Smoking still number one public health hazard in Hungary
Hungary has some of the worst statistics in the EU for smoking and smoking-related illness and deaths. And there's more cause for concern. Smoking among women and young people is on the rise. Agi Varga of Radio Budapest investigates the possible reasons and how Hungary is confronting the problem:
Smoking is still the number one public health hazard in Hungary. About 20,000 Hungarians die every year due to smoking, the country ranks first in the world for rates of lung cancer among both men and women and it is also first as far as lip cancer is concerned. Professor Tibor Szilagyi is an advisor to the World Health Organisation, and also heads the Hungarian Coalition for Tobacco Control.
"About 40 percent of Hungarian men and 31 percent of Hungarian women still smoke regularly, which is very high even among Eastern European countries. Hungarians rank 8th in the world in per capita cigarette consumption, which is also very high. So I can say that smoking is still in fashion in Hungary and there is no trend for this custom to be changed."
Professor Szilagyi says the reason why Hungarians smoke so much is that they can do it. Cigarettes are widely available, they are relatively cheap, unlike in Western European countries, and perhaps society is still more tolerant to smokers than it should be. But, he says, there is another, quite simple reason:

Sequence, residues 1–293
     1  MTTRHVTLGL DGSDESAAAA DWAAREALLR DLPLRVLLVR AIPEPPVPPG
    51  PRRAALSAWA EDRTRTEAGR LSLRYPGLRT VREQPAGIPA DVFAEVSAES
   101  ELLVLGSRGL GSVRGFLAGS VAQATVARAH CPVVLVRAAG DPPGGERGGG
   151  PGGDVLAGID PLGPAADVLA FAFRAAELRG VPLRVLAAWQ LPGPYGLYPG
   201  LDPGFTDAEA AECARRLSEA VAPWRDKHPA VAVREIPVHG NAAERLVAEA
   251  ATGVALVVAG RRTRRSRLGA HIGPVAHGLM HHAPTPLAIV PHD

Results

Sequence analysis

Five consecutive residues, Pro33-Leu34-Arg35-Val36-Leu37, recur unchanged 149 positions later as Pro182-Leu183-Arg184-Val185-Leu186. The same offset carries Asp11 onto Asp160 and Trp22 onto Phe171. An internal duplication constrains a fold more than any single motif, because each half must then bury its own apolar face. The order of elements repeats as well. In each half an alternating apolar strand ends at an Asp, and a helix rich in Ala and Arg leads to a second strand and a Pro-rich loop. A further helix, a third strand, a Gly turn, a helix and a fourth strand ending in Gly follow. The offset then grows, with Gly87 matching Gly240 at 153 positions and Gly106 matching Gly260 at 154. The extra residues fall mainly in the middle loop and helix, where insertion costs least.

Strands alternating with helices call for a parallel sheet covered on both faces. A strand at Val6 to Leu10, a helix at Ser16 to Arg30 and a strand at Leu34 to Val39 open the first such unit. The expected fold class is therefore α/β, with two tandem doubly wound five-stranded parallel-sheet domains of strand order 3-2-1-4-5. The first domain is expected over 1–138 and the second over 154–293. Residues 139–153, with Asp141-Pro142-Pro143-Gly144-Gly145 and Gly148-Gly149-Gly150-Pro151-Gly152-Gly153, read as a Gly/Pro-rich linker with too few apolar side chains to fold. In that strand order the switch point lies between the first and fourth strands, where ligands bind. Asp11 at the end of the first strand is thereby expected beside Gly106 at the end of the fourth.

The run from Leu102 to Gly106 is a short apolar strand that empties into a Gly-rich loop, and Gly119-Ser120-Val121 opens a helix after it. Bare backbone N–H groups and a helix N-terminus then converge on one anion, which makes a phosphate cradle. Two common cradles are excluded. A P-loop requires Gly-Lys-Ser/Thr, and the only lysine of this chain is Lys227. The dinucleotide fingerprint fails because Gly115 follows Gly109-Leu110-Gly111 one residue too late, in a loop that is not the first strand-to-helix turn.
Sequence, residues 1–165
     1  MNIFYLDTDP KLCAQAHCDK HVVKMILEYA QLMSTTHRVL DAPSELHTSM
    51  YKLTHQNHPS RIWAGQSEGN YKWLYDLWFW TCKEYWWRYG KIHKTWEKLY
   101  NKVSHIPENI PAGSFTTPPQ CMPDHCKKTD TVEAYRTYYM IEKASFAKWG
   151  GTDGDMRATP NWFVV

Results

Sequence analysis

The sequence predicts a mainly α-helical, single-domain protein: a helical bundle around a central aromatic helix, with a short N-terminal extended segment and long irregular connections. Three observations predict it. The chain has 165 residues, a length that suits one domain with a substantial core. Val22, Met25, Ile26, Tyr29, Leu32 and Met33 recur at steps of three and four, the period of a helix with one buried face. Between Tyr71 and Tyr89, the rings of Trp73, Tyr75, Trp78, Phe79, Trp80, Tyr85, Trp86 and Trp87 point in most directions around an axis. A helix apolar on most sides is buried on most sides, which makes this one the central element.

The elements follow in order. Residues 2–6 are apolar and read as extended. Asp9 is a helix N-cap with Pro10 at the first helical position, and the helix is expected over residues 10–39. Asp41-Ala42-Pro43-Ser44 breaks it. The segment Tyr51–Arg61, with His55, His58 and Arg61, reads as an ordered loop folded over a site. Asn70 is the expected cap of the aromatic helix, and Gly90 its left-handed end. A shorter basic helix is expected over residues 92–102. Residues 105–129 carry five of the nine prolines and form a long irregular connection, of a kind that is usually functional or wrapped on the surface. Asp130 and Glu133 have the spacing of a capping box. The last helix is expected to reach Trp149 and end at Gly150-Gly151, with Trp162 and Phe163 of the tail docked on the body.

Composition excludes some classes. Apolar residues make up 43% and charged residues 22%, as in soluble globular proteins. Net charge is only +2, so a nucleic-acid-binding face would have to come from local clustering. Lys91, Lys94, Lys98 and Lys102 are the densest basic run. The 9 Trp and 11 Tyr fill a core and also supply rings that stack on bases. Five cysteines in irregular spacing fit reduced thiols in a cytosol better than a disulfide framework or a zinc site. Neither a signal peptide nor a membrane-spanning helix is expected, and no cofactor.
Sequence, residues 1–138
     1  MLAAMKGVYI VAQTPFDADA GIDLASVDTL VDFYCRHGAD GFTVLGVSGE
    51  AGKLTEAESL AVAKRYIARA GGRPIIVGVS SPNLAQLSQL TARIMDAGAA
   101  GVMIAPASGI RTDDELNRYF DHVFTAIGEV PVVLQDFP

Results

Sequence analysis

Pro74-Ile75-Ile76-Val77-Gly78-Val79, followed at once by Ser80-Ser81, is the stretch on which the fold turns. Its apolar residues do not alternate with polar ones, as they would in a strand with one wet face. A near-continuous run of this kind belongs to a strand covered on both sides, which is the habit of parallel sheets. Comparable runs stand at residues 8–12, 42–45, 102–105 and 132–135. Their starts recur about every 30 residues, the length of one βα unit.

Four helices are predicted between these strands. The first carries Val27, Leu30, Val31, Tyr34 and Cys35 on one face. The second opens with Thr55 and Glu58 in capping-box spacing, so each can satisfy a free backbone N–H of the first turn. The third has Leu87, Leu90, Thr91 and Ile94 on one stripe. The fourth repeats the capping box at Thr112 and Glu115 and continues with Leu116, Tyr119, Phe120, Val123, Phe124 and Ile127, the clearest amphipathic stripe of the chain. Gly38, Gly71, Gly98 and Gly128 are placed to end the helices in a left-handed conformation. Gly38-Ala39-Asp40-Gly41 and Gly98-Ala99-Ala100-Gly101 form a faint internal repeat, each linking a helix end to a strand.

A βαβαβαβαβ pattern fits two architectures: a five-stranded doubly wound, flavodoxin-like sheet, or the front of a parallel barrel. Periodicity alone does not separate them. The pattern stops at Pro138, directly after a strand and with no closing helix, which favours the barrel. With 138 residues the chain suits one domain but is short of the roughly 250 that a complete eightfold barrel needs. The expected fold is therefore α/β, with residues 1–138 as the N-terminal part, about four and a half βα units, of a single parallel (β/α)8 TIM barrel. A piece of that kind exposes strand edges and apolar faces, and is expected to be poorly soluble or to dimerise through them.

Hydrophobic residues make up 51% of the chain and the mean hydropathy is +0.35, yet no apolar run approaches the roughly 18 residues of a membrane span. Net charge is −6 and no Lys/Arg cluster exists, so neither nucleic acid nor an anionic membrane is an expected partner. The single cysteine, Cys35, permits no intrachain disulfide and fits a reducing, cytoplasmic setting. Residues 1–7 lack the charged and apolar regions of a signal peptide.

"The Hungarian regulations, especially regarding smoking in public are very weak as compared to regulations in other European countries, or the trend in the European Union. So this kind of availability of cigarettes, as well as the weak regulation of smoking, and the lack of political support for strong interventions to control tobacco are the main reasons why smoking continues to be the most important health hazard in Hungary."
One does not have to be a chain smoker - as a recent Norwegian survey points out - to run the risk of becoming ill because of smoking, and we should also not forget about passive smoking. Its prevention is one of the main priorities of Western European countries and the EU, as the example of Ireland and Italy shows. Ardent campaigners for tobacco control say the tobacco industry and lobby are still very powerful in Hungary even after the closure of three factories belonging to multinational tobacco companies. Professor Szilagyi shares the view of anti-smoking NGOs that economic measures like price and tax increase on tobacco products or tighter control of the black market should be promoted.
"Hungary has to follow Western Europe and the European Union as far as the regulation of smoking related issues is concerned. We have to regulate smoking in public more powerfully and that will give a sign to the public that smoking is not acceptable these days."
Hungary will also need to put more money into community-based programmes - campaigns to help people quit and convince children not to start in the first place.